BYU Studies Quarterly
Mormon studies, personal essay, identity, spirituality
My professional and spiritual identities were nurtured by a home that had its share of troubled water. Some of the trouble percolated from the inevitable miscombinations of a blended family; some flowed from children with difficult personalities. My family's strong commitment to the gospel of Jesus Christ made my parents, both of whom valued intellect, unwilling to make their reasoning or anyone else's valued intellect, unwilling to make their reasoning or anyone else's the final arbiter of life's goodness. I was grateful for my parents' reservations about reason, for their hesitation left a space for our family to be continually called back to Christ, where we could find the only redemption of our faults that could have worked. Kierkegaard's message, while perhaps overstated, is still worth attending to. Sometimes we simply must be out of our minds—separate from reason—if we are to be for Christ.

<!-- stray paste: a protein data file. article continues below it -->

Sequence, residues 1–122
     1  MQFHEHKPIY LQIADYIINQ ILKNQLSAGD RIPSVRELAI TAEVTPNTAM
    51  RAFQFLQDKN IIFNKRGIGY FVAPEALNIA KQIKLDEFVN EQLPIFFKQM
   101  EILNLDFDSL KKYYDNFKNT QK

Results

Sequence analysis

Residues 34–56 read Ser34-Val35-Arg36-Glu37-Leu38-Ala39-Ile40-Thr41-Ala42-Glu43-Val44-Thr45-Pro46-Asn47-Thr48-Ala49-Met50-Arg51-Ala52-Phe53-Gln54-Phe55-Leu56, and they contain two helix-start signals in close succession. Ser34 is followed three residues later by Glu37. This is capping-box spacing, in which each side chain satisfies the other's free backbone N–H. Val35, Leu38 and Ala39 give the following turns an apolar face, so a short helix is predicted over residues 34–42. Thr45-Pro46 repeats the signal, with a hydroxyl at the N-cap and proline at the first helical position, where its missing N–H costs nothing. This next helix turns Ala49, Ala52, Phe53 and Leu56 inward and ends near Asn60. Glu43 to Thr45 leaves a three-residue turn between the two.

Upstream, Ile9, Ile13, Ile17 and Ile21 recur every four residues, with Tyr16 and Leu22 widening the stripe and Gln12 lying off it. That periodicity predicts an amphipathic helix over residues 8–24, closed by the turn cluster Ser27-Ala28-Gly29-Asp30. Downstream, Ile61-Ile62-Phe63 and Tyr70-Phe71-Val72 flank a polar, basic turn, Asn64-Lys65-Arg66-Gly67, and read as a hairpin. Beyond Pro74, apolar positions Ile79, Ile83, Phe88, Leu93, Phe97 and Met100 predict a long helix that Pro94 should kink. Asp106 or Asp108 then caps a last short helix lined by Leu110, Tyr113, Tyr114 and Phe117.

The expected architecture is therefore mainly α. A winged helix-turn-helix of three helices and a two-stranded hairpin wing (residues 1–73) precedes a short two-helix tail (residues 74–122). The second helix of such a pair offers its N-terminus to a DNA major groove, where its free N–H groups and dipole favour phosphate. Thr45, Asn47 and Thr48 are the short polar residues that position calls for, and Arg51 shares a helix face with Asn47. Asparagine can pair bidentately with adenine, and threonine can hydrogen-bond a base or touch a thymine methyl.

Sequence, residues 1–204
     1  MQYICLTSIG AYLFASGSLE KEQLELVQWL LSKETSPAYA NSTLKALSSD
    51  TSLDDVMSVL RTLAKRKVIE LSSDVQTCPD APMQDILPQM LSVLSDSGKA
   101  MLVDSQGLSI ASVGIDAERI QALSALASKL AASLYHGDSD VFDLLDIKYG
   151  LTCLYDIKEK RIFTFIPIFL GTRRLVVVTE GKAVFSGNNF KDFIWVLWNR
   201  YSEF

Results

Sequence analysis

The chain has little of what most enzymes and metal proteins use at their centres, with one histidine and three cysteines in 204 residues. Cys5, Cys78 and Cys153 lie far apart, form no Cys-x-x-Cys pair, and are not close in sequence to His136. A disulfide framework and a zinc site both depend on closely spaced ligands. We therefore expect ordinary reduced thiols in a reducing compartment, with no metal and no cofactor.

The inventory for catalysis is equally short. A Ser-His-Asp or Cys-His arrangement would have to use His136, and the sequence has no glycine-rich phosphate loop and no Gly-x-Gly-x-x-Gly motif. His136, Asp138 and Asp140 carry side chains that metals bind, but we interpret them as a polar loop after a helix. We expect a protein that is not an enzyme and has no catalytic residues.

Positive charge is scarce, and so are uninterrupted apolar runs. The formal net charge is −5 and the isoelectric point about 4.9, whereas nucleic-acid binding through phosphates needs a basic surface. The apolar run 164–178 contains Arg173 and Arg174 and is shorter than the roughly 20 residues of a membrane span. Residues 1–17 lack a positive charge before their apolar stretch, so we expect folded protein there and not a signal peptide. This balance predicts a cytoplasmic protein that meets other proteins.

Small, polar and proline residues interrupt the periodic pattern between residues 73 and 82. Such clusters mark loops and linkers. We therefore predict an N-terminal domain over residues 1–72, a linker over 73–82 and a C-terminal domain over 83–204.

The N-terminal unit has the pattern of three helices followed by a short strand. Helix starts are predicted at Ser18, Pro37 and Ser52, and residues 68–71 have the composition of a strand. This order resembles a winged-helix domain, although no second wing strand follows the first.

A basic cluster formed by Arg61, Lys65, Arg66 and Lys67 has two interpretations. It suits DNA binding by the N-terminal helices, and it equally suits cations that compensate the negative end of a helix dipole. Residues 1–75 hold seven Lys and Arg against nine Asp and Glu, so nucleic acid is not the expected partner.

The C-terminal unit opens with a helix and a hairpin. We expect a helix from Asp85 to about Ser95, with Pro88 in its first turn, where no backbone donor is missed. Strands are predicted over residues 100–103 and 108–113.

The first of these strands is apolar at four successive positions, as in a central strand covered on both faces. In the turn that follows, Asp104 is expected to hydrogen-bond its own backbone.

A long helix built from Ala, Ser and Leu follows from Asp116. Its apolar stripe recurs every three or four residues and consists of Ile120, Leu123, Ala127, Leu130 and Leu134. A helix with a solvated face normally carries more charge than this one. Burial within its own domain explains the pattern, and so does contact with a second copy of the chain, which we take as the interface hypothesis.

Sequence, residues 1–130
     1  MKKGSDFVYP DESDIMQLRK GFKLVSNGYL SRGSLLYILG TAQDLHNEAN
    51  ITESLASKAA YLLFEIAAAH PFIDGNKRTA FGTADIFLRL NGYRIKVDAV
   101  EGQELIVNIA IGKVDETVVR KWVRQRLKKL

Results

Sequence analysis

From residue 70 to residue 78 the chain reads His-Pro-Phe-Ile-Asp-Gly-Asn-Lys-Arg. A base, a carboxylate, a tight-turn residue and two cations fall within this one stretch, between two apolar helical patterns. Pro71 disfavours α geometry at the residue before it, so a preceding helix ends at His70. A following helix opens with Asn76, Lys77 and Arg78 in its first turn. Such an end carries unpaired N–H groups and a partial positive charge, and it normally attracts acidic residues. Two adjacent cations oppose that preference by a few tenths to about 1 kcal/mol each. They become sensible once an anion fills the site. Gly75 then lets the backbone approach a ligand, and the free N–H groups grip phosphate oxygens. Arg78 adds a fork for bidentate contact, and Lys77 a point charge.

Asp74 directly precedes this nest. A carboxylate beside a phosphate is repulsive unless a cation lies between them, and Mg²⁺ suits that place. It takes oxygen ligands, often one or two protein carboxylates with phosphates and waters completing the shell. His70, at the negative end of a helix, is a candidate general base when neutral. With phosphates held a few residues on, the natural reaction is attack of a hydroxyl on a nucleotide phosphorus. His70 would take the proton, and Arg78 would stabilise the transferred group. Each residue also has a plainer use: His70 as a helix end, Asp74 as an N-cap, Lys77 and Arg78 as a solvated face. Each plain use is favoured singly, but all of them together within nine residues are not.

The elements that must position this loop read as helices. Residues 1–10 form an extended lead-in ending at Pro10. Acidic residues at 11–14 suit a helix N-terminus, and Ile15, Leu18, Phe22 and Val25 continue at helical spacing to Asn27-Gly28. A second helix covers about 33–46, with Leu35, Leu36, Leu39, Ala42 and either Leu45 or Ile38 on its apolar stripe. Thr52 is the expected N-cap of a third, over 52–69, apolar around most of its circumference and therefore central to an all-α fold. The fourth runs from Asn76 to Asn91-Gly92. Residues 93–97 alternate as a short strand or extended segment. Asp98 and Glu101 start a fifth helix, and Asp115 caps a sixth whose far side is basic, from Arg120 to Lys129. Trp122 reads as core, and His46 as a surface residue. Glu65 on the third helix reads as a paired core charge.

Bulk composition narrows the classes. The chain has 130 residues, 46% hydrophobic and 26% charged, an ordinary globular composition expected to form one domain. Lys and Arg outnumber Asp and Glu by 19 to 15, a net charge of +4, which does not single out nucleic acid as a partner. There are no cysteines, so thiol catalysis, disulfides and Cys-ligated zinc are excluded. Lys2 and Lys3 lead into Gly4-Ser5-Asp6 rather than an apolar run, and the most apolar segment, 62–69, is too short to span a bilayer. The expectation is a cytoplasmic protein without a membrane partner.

Draper, Thomas W.
BYU Studies Quarterly: Vol. 35:
2, Article 4.
Available at: https://scholarsarchive.byu.edu/byusq/vol35/iss2/4